Is juicing worth the hype?
After seeing Kim Kardashian drop 15 pounds in two weeks with the latest juice cleanse, you may be thinking, “Maybe I should try this.”
But do these popular health fads really help you obtain a healthy physique or can they actually harm you?
During a juice cleanse, a person’s diet is limited to fresh vegetables, fruit juices and water for anywhere from three days to three weeks. While consuming only fruits and vegetables does sound healthy, juicing” can leave out other vital nutrients a body needs to function properly.
“Eating just fruits and veggies doesn’t give you the filling protein your body needs,” says Michelle Remkus, registered dietitian at the Good Samaritan Health and Wellness Center in Downers Grove, Ill. “It is important to add a protein source like peanut butter, almond milk, whey protein or Greek yogurt if you are solely having a glass of juice as a meal.”
Juice cleanses are commonly used to lose weight or to cleanse the body of toxins. In reality, however, juice cleanses might not do either of these things. After a juice cleanse, you might drop a few pounds but the weight you lose is usually just water weight that you will gain back. The nutrients you are depriving your body will actually lead to more food cravings and binge eating since the body is not able to distinguish between a “diet” and actual starvation, Remkus says.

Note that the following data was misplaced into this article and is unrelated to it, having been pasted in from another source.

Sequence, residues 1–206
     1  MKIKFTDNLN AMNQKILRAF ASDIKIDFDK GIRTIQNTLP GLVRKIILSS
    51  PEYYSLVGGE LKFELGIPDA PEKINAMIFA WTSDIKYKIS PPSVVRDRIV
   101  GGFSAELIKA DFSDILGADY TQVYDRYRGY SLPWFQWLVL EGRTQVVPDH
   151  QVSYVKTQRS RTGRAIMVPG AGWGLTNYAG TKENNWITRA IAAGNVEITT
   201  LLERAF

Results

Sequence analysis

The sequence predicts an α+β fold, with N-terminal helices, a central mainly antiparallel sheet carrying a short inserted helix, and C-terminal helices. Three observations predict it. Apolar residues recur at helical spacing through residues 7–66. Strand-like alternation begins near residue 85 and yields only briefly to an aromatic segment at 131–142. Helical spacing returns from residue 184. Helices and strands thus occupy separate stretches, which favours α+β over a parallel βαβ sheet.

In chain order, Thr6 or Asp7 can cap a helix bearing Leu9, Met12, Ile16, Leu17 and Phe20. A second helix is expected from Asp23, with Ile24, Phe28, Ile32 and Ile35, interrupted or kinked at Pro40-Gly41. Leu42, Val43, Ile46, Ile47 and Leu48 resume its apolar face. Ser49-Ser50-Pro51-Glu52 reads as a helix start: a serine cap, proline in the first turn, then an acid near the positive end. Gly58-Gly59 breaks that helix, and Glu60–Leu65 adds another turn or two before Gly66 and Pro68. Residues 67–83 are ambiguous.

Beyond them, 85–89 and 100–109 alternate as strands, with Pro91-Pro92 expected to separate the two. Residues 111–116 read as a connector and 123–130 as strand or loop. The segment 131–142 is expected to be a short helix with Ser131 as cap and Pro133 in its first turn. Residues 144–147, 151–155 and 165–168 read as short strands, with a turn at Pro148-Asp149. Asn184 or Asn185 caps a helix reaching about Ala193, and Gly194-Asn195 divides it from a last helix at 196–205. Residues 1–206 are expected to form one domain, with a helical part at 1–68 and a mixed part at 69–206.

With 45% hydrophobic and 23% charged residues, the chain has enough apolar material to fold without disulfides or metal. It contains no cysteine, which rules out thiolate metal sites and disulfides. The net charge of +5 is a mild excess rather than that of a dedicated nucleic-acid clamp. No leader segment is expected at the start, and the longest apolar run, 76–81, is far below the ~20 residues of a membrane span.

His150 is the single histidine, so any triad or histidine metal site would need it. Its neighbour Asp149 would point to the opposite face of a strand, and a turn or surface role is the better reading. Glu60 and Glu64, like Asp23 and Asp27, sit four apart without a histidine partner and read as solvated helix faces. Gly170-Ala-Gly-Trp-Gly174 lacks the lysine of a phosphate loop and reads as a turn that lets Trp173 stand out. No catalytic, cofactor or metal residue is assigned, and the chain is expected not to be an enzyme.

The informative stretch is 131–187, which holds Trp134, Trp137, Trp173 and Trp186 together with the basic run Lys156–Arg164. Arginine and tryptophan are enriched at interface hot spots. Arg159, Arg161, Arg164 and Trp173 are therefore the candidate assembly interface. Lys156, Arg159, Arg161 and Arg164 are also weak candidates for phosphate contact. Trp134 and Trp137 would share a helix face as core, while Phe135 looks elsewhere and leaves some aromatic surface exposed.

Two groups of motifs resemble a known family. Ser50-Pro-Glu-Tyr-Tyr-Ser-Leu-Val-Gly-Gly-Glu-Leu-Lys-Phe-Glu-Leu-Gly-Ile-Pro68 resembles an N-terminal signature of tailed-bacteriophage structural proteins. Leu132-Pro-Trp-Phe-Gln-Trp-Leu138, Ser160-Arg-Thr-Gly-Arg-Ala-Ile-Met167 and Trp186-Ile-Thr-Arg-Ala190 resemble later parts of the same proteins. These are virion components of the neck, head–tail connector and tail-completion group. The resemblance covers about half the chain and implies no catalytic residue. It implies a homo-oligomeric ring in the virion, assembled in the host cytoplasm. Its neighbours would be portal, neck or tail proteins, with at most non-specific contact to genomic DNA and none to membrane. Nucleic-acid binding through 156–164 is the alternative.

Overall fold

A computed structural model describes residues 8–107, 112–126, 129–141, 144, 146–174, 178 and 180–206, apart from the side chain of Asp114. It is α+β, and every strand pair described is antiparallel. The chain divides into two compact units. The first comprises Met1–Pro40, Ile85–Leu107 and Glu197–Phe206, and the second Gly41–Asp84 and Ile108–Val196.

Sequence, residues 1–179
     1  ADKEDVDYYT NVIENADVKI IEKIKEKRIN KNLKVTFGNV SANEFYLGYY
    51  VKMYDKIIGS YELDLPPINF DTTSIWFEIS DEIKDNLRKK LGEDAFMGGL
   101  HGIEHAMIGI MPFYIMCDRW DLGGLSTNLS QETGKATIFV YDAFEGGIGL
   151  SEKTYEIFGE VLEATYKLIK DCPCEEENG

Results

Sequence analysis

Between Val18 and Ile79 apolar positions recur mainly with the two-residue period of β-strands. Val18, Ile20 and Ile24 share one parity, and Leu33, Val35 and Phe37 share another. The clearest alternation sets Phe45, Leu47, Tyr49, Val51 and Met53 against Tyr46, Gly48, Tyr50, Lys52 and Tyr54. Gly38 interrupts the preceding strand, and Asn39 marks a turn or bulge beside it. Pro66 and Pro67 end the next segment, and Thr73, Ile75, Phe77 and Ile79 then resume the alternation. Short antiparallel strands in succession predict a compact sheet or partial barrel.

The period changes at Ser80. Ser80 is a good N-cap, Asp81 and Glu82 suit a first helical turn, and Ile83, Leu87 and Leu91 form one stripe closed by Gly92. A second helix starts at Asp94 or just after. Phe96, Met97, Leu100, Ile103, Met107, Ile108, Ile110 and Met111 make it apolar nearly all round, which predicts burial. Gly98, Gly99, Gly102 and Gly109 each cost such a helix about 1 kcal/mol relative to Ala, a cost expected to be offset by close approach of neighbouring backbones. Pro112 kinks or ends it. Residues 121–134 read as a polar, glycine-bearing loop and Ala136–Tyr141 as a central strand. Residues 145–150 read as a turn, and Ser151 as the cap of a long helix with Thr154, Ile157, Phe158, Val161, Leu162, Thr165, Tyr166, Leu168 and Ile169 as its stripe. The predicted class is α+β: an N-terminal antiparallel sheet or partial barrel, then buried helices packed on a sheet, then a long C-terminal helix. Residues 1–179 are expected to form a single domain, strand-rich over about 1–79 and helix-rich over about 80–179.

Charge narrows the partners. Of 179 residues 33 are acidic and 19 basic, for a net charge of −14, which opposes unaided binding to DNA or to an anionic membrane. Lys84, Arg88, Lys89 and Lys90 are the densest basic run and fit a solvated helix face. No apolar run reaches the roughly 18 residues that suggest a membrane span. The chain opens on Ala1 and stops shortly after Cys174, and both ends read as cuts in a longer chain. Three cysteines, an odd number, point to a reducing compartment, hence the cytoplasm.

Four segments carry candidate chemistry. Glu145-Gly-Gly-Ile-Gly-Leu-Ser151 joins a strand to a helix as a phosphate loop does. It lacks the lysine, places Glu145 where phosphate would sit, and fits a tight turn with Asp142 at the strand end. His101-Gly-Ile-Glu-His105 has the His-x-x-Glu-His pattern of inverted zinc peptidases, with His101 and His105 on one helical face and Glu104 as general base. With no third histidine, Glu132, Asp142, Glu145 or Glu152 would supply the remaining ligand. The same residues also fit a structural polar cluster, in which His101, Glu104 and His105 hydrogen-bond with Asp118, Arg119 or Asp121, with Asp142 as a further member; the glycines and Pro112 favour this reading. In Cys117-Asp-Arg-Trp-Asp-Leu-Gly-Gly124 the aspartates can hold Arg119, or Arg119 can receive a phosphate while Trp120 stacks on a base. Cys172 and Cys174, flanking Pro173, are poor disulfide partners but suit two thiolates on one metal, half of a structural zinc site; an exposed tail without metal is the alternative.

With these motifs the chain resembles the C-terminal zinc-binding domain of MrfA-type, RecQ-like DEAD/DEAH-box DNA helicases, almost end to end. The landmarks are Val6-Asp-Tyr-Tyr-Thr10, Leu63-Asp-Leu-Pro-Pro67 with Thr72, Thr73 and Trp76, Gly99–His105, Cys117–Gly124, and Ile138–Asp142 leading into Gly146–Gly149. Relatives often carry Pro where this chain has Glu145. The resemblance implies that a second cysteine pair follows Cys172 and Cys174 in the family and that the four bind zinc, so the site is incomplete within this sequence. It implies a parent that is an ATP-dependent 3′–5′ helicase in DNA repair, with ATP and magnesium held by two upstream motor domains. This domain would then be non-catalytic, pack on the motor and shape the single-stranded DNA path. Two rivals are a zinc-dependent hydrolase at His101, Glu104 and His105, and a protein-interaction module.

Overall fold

And while you may be cleaning out a few toxins here and there, your body does a great job of that already. The liver, kidneys and intestines filter the unwanted things we eat or drink and get rid of them through urine, bowel movements and sweat.
While the juicing trend to lose weight might not be the best way to go, juicing does have its benefits when done properly. If you do not eat a lot of fruits or vegetables on a regular basis, you can pack all of your essential fruit and veggies for the day into a great-tasting juice, Remkus adds.
Experts advise that regular exercise and eating healthy will help shed pounds at a good rate and keep them off for good; juicing and other quick fixes can’t do that.
“The key to long term weight loss success is eating healthy foods, portion control, moderation and exercise,” Remkus says.
About the Author
Sarah Fitzpatrick, health enews contributor, is a public affairs intern with Advocate Good Samaritan Hospital in Downers Grove. She is currently a student at the University of Illinois studying Journalism with a certificate in Public Relations.